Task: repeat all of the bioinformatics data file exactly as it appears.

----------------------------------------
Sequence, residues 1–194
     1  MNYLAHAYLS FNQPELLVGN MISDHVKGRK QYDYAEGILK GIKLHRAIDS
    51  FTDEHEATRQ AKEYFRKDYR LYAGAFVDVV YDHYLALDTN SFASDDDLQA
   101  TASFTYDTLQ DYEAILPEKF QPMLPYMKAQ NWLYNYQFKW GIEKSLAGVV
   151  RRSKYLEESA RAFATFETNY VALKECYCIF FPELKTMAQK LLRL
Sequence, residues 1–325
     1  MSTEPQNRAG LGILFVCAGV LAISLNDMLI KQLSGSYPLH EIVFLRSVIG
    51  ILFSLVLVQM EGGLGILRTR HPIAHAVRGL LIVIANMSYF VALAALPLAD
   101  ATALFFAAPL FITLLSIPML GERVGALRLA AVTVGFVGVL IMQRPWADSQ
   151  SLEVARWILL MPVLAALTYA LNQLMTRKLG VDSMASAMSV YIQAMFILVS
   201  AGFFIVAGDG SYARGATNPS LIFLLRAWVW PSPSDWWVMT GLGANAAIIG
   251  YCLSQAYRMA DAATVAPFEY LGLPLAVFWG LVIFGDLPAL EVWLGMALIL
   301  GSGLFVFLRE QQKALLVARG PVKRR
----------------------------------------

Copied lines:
Sequence, residues 1–194
     1  MNYLAHAYLS FNQPELLVGN MISDHVKGRK QYDYAEGILK GIKLHRAIDS
    51  FTDEHEATRQ AKEYFRKDYR LYAGAFVDVV YDHYLALDTN SFASDDDLQA
   101  TASFTYDTLQ DYEAILPEKF QPMLPYMKAQ NWLYNYQFKW GIEKSLAGVV
   151  RRSKYLEESA RAFATFETNY VALKECYCIF FPELKTMAQK LLRL
Sequence, residues 1–325
     1  MSTEPQNRAG LGILFVCAGV LAISLNDMLI KQLSGSYPLH EIVFLRSVIG
    51  ILFSLVLVQM EGGLGILRTR HPIAHAVRGL LIVIANMSYF VALAALPLAD
   101  ATALFFAAPL FITLLSIPML GERVGALRLA AVTVGFVGVL IMQRPWADSQ
   151  SLEVARWILL MPVLAALTYA LNQLMTRKLG VDSMASAMSV YIQAMFILVS
   201  AGFFIVAGDG SYARGATNPS LIFLLRAWVW PSPSDWWVMT GLGANAAIIG
   251  YCLSQAYRMA DAATVAPFEY LGLPLAVFWG LVIFGDLPAL EVWLGMALIL
   301  GSGLFVFLRE QQKALLVARG PVKRR